Yankees: They play two today. But believe me, it wasn’t easy

Sep 25, 2014; Bronx, NY, USA; New York Yankees shortstop Derek Jeter (2) takes the field for the last time at Yankee Stadium prior to the game against the Baltimore Orioles. Mandatory Credit: Robert Deutsch-USA TODAY Sports
Sep 25, 2014; Bronx, NY, USA; New York Yankees shortstop Derek Jeter (2) takes the field for the last time at Yankee Stadium prior to the game against the Baltimore Orioles. Mandatory Credit: Robert Deutsch-USA TODAY Sports /

The Yankees and Astros, in what has become a rarity in baseball, will play two at the Stadium today. And in an even greater rarity, it’ll be a real doubleheader with only one admission to both games. You won’t believe the manipulations behind the scenes to make it happen.

Younger Yankees fans may not realize the significance of the scheduled doubleheader at Yankee Stadium later today. And I’m not talking about the money grabbing day-night games they call a doubleheader these days. I’m talking about the real thing that used to be, two games for the price of one.

I cannot recall the last time this happened, and apparently, no one can else can either as a search through five pages of Google yielded nothing for the last time a real doubleheader was played at Yankee Stadium.

In another oddity, the Yankees will be making Ernie Banks, the former Chicago Cubs All-Star shortstop, a happy man, because the games today will mark the second time in a week that the Yankees have lived up to the Hall of Famer’s exuberant motto – “let’s play two.”

Well, sort of. Because you’ll recall that last Friday’s 18-inning affair against the Cubs wasn’t a “real” doubleheader, but you get the idea.

A  look behind the scenes at how this went down

But this one is real, and it did not come about quickly. The first idea that came about yesterday during what must have been some very tense moments in the Yankees front offices was the natural one in which the teams would play two games in what they now call a split-doubleheader, which is a misnomer, to begin with, but never mind that.

“Okay, it’s settled then”, says Randy Levine. “Now, how much are we selling the programs for today?”

Presumably, the Yankees liked this idea from the get-go because it enables them to collect revenue from not one, but two sets of fans who attend the individual games.

And Randy Levine, who was licking his chops with the idea of two paydays, says, ” Okay, it’s settled then. First game starts at 11 A.M. We remove everyone from the ballpark in time for the night game. Let’s move on, how much are we selling the programs for, today?”

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Until one smarty pants in the back, probably a junior executive who doesn’t know any better yet, pipes up with, “Hey, aren’t you forgetting that it’s Sunday and it’s Mother’s Day to boot.”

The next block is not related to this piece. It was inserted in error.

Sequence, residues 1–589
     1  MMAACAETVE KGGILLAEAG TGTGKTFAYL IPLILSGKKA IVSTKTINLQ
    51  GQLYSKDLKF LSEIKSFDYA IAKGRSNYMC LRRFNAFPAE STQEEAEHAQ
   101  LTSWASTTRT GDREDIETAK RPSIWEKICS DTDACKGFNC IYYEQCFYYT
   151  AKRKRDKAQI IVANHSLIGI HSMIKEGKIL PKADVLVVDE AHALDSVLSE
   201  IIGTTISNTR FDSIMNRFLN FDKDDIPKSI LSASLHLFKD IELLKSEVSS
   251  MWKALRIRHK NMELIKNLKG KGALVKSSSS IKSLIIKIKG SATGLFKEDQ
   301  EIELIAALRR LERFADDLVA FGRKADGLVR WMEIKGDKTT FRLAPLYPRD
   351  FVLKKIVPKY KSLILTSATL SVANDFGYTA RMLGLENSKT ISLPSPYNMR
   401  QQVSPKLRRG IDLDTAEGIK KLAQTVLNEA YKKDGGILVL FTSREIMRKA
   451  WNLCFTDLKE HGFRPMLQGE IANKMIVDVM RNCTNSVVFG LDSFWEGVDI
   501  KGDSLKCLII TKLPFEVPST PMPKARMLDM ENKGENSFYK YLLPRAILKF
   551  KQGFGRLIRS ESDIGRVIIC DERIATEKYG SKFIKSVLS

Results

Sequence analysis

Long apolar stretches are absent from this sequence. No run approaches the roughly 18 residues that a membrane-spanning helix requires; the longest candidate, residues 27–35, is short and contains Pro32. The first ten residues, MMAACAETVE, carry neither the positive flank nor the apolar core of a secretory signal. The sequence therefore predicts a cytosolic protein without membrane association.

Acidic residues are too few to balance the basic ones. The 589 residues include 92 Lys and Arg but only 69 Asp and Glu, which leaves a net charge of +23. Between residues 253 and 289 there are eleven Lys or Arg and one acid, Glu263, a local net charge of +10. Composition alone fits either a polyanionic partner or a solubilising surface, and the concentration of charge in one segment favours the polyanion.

“And maybe some of our fans holding tickets for Saturday’s rainout were planning on taking Mom out for brunch in the morning. And isn’t Sunday still the day when many people still go to church?”

“Damn wise guys right,” says Levine. “Now what do we do?” And at about that time the phone rings and it’s an executive from high up the ladder at ESPN who tells Levine, “I don’t give a rat’s ass what you do, just don’t mess with our start time of 7:35 P.M. Got it?”

And then another junior exec chimes in with, “And Mr. Levine, have you forgotten too that it’s Jeter Night? We’ll need to hire half the New York City police department to scour every cubby hole hiding place in the Stadium trying to find the fans from the first game who don’t voluntarily leave the Stadium when they’re supposed to?”

“Damn it, Hal. Why do you keep hiring the best and the brightest to work for us”, says Levine? “All right then, I guess we have no other choice. Especially since Mr. Yankee, Derek Jeter is probably going to go out of his way to thank the fans; we need to think of them too.”


Take it away, Derek

And so, the first game will start at 2:05 P.M. followed by an “Intermission” depending on the length of the game. The half-hour ceremony honoring Jeter is scheduled for 6:40 P.M., allowing for the start of the night game at 7:35 P.M. EST. Only tickets for Sunday will be honored.

What remains to be seen, however, is how many people are in the stands for the first game. After all, those holding tickets for the original Jeter Night have the resources to pay the hundreds and thousands of dollars to buy a ticket to the event.

Plus, it’s like the first game is the opening act at a concert where most attendees are still getting wired in the parking lot until the main act takes the stage.

Tonight, with no questions, the main action is Derek Jeter. Welcome home Derek, good to see you again. Even if the Yankees tried to milk every penny they could out of you, it’s always good to see you.